Acts for refugees’ right to the city and commoning practices of care-tizenship in Athens, Mytilene and Thessaloniki. By C. TSAVDAROGLOU et al

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Thursday, November 28, 2019
Acts for refugees’ right to the city and commoning practices of care-tizenship in Athens, Mytilene and Thessaloniki. By C. TSAVDAROGLOU et al

Cite as: Tsavdaroglou C, Giannopoulou C, Petropoulou C, Pistikos I, 2019,  "Acts for refugees’ right to the city and commoning practices of care-tizenship in Athens, Mytilene and Thessaloniki" , Social Inclusion. 7(4):119-30. DOI: 10.17645/si.v7i4.2332

Abstract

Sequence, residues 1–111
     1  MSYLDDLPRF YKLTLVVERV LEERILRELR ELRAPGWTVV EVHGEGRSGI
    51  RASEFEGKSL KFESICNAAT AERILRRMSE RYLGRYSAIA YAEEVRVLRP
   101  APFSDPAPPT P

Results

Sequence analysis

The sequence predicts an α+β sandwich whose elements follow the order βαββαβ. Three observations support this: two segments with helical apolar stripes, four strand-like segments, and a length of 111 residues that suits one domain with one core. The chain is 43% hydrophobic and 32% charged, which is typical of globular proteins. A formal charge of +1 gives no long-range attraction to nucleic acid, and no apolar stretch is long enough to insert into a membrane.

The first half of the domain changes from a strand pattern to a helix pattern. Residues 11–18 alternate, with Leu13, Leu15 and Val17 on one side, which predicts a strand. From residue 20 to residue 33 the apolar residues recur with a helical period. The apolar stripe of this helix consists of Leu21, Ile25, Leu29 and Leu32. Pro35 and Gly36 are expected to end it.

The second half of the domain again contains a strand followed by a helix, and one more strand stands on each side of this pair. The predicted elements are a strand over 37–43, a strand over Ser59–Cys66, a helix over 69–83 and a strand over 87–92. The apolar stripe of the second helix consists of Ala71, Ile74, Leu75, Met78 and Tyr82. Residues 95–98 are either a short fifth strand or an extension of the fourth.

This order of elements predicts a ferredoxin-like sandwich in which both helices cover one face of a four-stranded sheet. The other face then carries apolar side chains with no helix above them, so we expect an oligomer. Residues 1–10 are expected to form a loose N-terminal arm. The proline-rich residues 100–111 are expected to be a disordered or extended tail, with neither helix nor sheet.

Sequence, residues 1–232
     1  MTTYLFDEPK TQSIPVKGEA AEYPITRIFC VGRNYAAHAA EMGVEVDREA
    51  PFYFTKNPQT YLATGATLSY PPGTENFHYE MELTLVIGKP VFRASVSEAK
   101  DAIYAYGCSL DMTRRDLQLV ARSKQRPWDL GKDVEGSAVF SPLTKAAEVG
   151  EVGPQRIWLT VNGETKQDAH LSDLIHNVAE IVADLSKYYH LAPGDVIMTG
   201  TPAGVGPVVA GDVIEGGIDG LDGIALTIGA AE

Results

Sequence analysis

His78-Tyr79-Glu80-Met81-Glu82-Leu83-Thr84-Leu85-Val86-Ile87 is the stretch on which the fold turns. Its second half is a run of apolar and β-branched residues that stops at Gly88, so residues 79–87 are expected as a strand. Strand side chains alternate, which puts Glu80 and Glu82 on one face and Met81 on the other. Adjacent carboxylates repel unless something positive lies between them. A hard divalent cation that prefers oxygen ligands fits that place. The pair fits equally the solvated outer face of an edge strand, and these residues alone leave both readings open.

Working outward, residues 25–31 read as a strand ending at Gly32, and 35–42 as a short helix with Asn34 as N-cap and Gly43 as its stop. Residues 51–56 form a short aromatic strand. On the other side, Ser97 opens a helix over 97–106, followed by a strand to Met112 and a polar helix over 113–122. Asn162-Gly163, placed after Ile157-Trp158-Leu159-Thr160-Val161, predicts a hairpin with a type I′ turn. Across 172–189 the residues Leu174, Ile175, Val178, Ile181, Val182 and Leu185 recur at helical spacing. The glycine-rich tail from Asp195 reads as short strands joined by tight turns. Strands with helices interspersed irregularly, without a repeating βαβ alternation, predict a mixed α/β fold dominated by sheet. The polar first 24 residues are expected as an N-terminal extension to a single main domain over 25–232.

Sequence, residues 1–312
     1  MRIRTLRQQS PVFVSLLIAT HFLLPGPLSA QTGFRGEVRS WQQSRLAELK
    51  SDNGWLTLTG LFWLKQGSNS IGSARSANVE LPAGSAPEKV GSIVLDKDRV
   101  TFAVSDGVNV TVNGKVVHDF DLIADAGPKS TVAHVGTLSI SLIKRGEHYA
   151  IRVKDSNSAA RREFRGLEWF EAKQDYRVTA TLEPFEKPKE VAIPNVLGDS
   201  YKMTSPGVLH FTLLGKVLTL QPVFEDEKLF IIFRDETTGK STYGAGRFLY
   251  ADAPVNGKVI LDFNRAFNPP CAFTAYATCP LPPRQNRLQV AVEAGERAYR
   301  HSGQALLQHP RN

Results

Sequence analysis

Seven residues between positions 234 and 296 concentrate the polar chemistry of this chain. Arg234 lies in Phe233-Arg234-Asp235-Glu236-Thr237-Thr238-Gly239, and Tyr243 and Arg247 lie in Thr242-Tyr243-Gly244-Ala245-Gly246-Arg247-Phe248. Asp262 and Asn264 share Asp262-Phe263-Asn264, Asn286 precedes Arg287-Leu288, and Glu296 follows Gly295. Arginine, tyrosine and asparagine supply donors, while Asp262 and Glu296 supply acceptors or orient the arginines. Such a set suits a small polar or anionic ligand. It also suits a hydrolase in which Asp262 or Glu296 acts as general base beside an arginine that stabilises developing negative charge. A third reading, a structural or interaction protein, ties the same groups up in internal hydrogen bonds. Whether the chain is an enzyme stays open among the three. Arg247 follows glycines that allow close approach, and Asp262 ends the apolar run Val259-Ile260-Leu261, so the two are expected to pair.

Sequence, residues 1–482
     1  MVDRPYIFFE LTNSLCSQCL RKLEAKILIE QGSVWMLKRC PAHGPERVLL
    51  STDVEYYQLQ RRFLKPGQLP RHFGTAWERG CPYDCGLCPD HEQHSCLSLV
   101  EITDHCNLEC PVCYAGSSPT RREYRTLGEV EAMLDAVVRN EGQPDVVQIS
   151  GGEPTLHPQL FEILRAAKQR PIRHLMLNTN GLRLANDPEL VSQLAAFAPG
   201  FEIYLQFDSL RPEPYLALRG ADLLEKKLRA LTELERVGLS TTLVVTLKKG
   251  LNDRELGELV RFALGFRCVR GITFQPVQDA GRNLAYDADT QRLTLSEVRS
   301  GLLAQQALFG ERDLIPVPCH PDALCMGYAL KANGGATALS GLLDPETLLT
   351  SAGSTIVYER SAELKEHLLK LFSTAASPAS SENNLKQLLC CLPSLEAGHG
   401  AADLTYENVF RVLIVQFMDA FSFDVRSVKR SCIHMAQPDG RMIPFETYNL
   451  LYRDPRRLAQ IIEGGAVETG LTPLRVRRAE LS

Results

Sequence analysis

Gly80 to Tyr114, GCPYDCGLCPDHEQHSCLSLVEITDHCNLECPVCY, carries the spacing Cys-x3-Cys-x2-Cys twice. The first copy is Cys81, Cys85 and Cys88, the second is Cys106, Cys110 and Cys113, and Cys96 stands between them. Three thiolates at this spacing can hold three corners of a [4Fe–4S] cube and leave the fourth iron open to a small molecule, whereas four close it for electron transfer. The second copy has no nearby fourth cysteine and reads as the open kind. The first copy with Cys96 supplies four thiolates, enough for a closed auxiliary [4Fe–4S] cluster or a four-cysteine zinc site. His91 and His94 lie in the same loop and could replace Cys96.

During the recent refugee crisis, numerous solidarity initiatives emerged in Greece and especially in Mytilene, Athens and Thessaloniki. Mytilene is the capital of Lesvos Island and the main entry point in the East Aegean Sea, Athens is the main refugee transit city and Thessaloniki is the biggest city close to the northern borders. After the EU–Turkey Common Statement, the Balkan countries sealed their borders and thousands of refugees found themselves stranded in Greece. The State accommodation policy provides the majority of the refugee population with residency in inappropriate camps which are mainly located in isolated old military bases and abandoned factories. The article contrasts the State-run services to the solidarity acts of “care-tizenship” and commoning practices such as self-organised refugee housing projects, which claim the right to the city and to spatial justice. Specifically, the article is inspired by the Lefebvrian “right to the city,” which embraces the right to housing, education, work, health and challenges the concept of citizen. Echoing Lefebvrian analysis, citizenship is not demarcated by membership in a nation-state, rather, it concerns all the residents of the city. The article discusses the academic literature on critical citizenship studies and especially the so-called “care-tizenship,” meaning the grassroots commoning practices that are based on caring relationships and mutual help for social rights. Following participatory ethnographic research, the main findings highlight that the acts of care-tizenship have opened up new possibilities to challenge State migration policies while reinventing a culture of togetherness and negotiating locals’ and refugees’ multiple class, gender, and religious identities.

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